An Excerpt from Jim Conrad's
NATURALIST NEWSLETTER
of June 13, 2004
issued Sierra Gorda Biosphere Reserve Headquarters
in Jalpan, Quéretaro, MÉXICO

IT'S REALLY BEAUTIFUL,
ISN'T IT. ISN'T IT... ?

Back to that adder's-tongue fern. I'd hiked over an hour through very pretty terrain before finally spotting something that caused me to call a halt to the march so I could photograph it. When Marcelino dismounted his mule and came back to see what I'd found, the disappointment in his face was clear as he realized that my interest was in such a plain-looking sprig of greenness. He said:

"It's beautiful, isn't it?"

I nodded my head and tried to explain why finding Limestone Adder's-tongue Fern was so exciting, but I could see that his mind just wasn't accustomed to dealing with concepts like distribution patterns, evolution, unusual ecological niches and genetics.

"It's beautiful," he repeated rather dubiously. "It's beautiful, isn't it?"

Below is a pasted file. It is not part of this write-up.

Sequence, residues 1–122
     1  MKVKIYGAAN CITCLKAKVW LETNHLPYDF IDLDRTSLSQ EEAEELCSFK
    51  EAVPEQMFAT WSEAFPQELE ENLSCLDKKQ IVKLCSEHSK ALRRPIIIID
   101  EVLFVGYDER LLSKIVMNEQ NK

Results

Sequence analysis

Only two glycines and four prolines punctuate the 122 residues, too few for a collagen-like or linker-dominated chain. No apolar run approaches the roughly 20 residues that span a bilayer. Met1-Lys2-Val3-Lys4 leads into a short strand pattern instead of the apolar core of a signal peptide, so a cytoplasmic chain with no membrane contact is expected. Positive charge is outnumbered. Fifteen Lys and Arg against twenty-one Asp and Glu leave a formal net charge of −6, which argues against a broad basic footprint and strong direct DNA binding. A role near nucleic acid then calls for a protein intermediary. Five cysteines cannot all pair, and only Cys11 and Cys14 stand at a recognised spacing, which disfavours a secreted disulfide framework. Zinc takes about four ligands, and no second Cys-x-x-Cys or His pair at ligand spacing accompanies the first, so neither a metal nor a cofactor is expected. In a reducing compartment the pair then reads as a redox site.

Here's the subtext of that conversation:

Marcelino knew that plants can have an esthetic value, they can provide sustenance and medicine, they can invade cornfields, they can sting and scratch... But none of those characteristics could account for my photographing that plain-looking thing, unless somehow I regarded it as "beautiful."

In other words, from the several perspectives Marcelino could see the plant from, its being "beautiful," despite the plant's obvious lack of beauty, was the most likely attribute to explain my interest.

Of course the explanation is that, just as he had some perspectives I didn't, I also had some perspectives he didn't.

This is worth thinking about.

For, in everyday life, what perspectives do we lack in order for everything we see and experience to seem extraordinary and worth knowing?

By learning more about the world around us, cannot we automatically equip ourselves with more perspectives from which to behold the ordinary things around us? And, by having more perspectives, won't we automatically see more beauty, and therefore be more likely to draw from ourselves more enthusiasm, more zest for living, more elemental gladness to be alive?

And is there anything more available and worthy of studying than esthetically pleasing and spirit-nourishing than Nature?

In other words, can't studying Nature make us happier? Facebook Icon.